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Open AccessArticle

International Perceptions of Urban Blue-Green Infrastructure: A Comparison across Four Cities

1
School of Geography, University of Nottingham, Nottingham, NG7 2RD, UK
2
Department of Economics, Reed College, Portland, OR 97202-8199, USA
3
Faculty of Science and Engineering, School of Geographical Sciences, University of Nottingham Ningbo China, Ningbo 315100, China
4
School of Geography & [email protected] Research Institute, University of Leeds, Leeds LS2 9JT, UK
5
Royal HaskoningDHV, 1090 GE Amsterdam, The Netherlands
*
Author to whom correspondence should be addressed.
Academic Editors: Vassilis Glenis and Claire Walsh
Water 2021, 13(4), 544; https://doi.org/10.3390/w13040544
Received: 28 January 2021 / Revised: 11 February 2021 / Accepted: 17 February 2021 / Published: 20 February 2021
(This article belongs to the Special Issue Blue-Green Cities for Urban Flood Resilience)
Blue-Green infrastructure (BGI) is recognised internationally as an approach for managing urban water challenges while enhancing society and the environment through the provision of multiple co-benefits. This research employed an online survey to investigate the perceptions of BGI held by professional stakeholders in four cities with established BGI programs: Newcastle (UK), Ningbo (China), Portland (Oregon USA), and Rotterdam (The Netherlands) (64 respondents). The results show that challenges associated with having too much water (e.g., pluvial and fluvial flood risk, water quality deterioration) are driving urban water management agendas. Perceptions of governance drivers for BGI implementation, BGI leaders, and strategies for improving BGI uptake, are markedly different in the four cities reflecting the varied local, regional and national responsibilities for BGI implementation. In addition to managing urban water, BGI is universally valued for its positive impact on residents’ quality of life; however, a transformative change in policy and practice towards truly multifunctional infrastructure is needed to optimise the delivery of multiple BGI benefits to address each city’s priorities and strategic objectives. Changes needed to improve BGI uptake, e.g., increasing the awareness of policy-makers to multifunctional BGI, has international relevance for other cities on their journeys to sustainable blue-green futures. View Full-Text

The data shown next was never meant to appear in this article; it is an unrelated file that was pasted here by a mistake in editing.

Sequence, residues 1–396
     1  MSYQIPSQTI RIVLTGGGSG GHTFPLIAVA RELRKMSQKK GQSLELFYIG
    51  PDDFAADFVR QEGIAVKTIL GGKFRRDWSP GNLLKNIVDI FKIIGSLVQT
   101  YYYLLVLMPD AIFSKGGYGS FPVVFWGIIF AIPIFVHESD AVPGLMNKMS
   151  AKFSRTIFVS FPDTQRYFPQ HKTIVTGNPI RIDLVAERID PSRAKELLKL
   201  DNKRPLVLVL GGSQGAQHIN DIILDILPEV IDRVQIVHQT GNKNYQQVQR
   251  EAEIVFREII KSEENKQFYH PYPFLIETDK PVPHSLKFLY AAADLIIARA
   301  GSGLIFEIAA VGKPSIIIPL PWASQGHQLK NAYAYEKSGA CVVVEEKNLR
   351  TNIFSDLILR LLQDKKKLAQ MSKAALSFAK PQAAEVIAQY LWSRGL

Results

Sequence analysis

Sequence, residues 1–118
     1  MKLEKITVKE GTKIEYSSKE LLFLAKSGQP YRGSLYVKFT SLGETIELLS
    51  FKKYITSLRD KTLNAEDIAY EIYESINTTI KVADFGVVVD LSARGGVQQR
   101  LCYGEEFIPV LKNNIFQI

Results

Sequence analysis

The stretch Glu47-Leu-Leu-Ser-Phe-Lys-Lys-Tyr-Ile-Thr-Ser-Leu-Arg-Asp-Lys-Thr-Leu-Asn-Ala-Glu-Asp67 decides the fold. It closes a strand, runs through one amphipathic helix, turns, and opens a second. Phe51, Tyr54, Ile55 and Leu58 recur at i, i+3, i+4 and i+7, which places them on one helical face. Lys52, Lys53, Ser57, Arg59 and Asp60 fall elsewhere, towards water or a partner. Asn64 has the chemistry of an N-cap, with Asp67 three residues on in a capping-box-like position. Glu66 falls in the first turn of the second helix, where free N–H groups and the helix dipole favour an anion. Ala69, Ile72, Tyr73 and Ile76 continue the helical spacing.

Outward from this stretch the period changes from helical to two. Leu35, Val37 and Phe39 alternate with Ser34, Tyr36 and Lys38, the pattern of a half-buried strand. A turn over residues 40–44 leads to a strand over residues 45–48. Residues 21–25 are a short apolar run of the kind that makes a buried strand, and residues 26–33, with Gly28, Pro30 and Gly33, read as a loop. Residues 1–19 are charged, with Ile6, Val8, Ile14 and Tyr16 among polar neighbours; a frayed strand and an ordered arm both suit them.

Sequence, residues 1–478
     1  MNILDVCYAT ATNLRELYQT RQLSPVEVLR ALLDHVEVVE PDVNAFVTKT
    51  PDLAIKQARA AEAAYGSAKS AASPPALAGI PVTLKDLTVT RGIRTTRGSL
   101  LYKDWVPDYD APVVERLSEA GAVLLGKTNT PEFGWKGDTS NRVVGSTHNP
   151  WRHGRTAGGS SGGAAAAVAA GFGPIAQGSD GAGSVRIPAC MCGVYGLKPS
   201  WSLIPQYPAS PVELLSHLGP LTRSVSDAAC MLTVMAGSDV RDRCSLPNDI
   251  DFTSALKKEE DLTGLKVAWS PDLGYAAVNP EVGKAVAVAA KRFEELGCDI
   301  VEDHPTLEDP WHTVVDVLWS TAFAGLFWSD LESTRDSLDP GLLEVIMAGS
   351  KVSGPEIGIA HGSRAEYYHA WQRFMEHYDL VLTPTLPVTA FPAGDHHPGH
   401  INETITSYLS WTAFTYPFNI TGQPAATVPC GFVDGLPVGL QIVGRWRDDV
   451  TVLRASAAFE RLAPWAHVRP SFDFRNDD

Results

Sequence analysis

Keywords: blue-green infrastructure; perceptions; climate change adaptation; urban water management; resilience; multiple benefits blue-green infrastructure; perceptions; climate change adaptation; urban water management; resilience; multiple benefits
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MDPI and ACS Style

O’Donnell, E.C.; Netusil, N.R.; Chan, F.K.S.; Dolman, N.J.; Gosling, S.N. International Perceptions of Urban Blue-Green Infrastructure: A Comparison across Four Cities. Water 2021, 13, 544. https://doi.org/10.3390/w13040544

AMA Style

O’Donnell EC, Netusil NR, Chan FKS, Dolman NJ, Gosling SN. International Perceptions of Urban Blue-Green Infrastructure: A Comparison across Four Cities. Water. 2021; 13(4):544. https://doi.org/10.3390/w13040544

Chicago/Turabian Style

O’Donnell, Emily C.; Netusil, Noelwah R.; Chan, Faith K.S.; Dolman, Nanco J.; Gosling, Simon N. 2021. "International Perceptions of Urban Blue-Green Infrastructure: A Comparison across Four Cities" Water 13, no. 4: 544. https://doi.org/10.3390/w13040544

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